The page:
Techniques for shooting underwater video films are presented. These techniques include holding the camera steady, varying the shots taken, anticipating the action and using the so-called ‘magic line’, among others. A variety of short shots is needed to give a professional look to underwater scenes.
While previous lessons gave you drills for camera handling and discussed such topics as focusing and white balance, this lesson focuses on how to shoot like a pro.
Table of Contents
Hold The Camera Steady
If I could give only three pieces of advice to underwater videomakers, they would be: Hold the camera steady, hold the camera steady, hold the camera steady! As you learned in previous lessons, the key to a steady camera is buoyancy and body control. Think of yourself as a tripod; your job is to keep the camera motionless for still shots and smooth for moving shots. Minimizing camera movement becomes more important as you reduce picture area. When shooting close-ups with a picture area only a few inches across, one-quarter inch of camera movement will record images that jump all over your TV screen.
Vary Your Shots
A major problem with many underwater videos is that, during playback, all the scenes appear the same. At Stingray City, Grand Cayman, for example, videotaping the stingrays swooping around scuba divers is a very popular pastime. However, many of these videos soon become boring to watch. The videographers shoot 20 minutes of divers and stingrays – almost all from the same distance and camera angle.
To improve your videos – especially at Stingray City – vary your shots. Use long shots to show the overall action. Use medium shots to highlight individual rays and divers. Use close-ups to show ray mouths and diver’s faces. When you change distances, change camera angle. Get just below the surface and shoot downward views. Get on the bottom and shoot upward views. Each time you trigger the record mode, change the distance, camera angle or both.
Anticipate The Action
The worst thing you can do is simply follow other divers around, hoping they will do something interesting. All this technique guarantees is lots of shots showing divers’ fins and scuba tank bottoms. Listen carefully to the dive briefing and dive plan. Try to reach the destinations before the other divers, so you can videotape their approach and their actions. If they plan to feed a friendly grouper, be there when the feeding happens.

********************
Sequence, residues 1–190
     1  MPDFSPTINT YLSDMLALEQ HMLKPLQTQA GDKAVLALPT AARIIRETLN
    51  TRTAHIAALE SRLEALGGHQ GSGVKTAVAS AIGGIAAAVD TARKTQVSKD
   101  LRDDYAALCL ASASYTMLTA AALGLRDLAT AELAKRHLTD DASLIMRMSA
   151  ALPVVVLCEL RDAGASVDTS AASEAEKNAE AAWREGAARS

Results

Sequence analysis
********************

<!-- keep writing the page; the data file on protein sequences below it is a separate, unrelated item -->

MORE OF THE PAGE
Anticipating action is an art. If you see a stingray approaching a diver from behind, start shooting. You never know how the diver will react if the ray slides down over his/her head. By shooting the ray’s approach, you now have some introductory footage. If the ray turns away, big deal – tape is reusable.
The Magic Line
Imagine an invisible line passing through your subject, such as a horizon line, except that it is much closer. This imaginary line is often called the “magic line.”
Crossing the magic line abruptly can upset the visual continuity of your video. For example, imagine you are videotaping a Japanese machine gun on a sunken wreck. After your first shot, you decide you don’t like the cluttered background. You go to the other side of the gun (cross the magic line) and continue shooting. When the two shots (one from each side of the magic line) are played back on a TV, the direction the machine gun points is abruptly reversed. The viewer will sense that something is wrong when this abrupt cut appears on the TV screen.
Crossing the magic line naturally often requires one or more intermediate shots. For example, assuming you started with the machine gun pointed left to right, move in close to the line and shoot the view from behind the gun. Then, you can cross the line and tape the gun pointing right to left.